His condition was diagnosed as acute angle-closure glaucoma (AACG) secondary to a ciliary body mass in his right eye. He was started on timolol, acetazolmide, and latanoprost followed by a YAG (yttrium aluminium garnet) laser peripheral iridotomy to lower the intraocular pressure.
The results of a further metastatic workup were consistent with a stage IV RCC that was of the clear cell type (Figure 3) and that involved the ciliary body, brain, lungs, liver, and pancreas.
The ciliary body mass continued to grow despite systemic treatment with temsirolimus (mammalian target of rapamycin inhibitor)  and interleukin-2 (IL-2) (Figure 1c), but the extraocular metastasis started to shrink. Later, two intravitreal injections of bevacizumab failed to slow the growth of the mass, and the tumor size peaked at 6.11 × 6.06 mm (Figure 2a). Some adhesions have developed between the mass and the lens (Figure 1d).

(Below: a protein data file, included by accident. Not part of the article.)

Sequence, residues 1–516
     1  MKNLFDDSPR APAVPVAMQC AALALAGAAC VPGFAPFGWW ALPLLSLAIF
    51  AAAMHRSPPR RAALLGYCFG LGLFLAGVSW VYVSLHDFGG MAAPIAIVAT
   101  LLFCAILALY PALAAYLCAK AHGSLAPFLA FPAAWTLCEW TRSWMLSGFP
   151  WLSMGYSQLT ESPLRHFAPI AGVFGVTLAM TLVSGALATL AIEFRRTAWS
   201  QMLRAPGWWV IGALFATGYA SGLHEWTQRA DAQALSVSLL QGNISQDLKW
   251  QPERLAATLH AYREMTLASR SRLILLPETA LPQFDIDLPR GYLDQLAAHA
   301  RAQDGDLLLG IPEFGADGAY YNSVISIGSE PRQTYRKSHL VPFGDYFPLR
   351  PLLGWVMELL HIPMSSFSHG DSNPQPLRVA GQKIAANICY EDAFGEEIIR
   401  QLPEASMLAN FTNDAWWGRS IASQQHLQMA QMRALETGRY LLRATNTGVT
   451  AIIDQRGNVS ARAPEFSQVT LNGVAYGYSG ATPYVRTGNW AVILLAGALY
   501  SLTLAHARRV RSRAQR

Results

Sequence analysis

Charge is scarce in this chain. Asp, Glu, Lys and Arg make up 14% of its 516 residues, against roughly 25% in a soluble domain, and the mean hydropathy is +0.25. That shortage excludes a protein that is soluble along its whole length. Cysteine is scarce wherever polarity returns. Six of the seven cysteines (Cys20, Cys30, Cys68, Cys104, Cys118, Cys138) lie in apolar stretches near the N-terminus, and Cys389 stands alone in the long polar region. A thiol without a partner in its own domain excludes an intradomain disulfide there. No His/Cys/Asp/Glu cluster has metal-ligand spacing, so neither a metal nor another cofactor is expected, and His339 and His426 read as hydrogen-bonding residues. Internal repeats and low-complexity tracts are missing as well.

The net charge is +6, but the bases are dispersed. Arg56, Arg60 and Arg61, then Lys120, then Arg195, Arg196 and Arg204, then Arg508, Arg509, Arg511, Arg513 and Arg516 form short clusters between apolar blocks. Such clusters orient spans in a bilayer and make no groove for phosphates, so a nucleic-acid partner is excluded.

Lastly, proton radiotherapy was administered. Tantalum clips were placed to outline the posterior margin of the tumor. Our patient received a total of 30 cobalt gray equivalents (CGE) in three fractions given over the course of six calendar days. As a result, the tumor size decreased to 5.07 × 4.39 mm (Figures 1e and 2b). Later, our patient underwent an uneventful cataract extraction and an intraocular lens placement in his right eye. His current visual acuity in his right eye is 20/40.